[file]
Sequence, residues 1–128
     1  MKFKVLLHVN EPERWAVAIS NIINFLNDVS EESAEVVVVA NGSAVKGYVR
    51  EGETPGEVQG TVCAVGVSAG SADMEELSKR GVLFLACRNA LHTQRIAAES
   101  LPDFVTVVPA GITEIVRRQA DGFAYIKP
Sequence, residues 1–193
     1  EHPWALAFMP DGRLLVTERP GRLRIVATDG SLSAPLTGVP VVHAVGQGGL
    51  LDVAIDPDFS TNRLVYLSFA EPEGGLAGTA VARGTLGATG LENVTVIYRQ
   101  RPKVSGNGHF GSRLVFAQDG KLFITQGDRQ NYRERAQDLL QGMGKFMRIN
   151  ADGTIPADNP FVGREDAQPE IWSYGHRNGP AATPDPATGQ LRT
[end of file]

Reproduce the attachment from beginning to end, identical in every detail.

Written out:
Sequence, residues 1–128
     1  MKFKVLLHVN EPERWAVAIS NIINFLNDVS EESAEVVVVA NGSAVKGYVR
    51  EGETPGEVQG TVCAVGVSAG SADMEELSKR GVLFLACRNA LHTQRIAAES
   101  LPDFVTVVPA GITEIVRRQA DGFAYIKP
Sequence, residues 1–193
     1  EHPWALAFMP DGRLLVTERP GRLRIVATDG SLSAPLTGVP VVHAVGQGGL
    51  LDVAIDPDFS TNRLVYLSFA EPEGGLAGTA VARGTLGATG LENVTVIYRQ
   101  RPKVSGNGHF GSRLVFAQDG KLFITQGDRQ NYRERAQDLL QGMGKFMRIN
   151  ADGTIPADNP FVGREDAQPE IWSYGHRNGP AATPDPATGQ LRT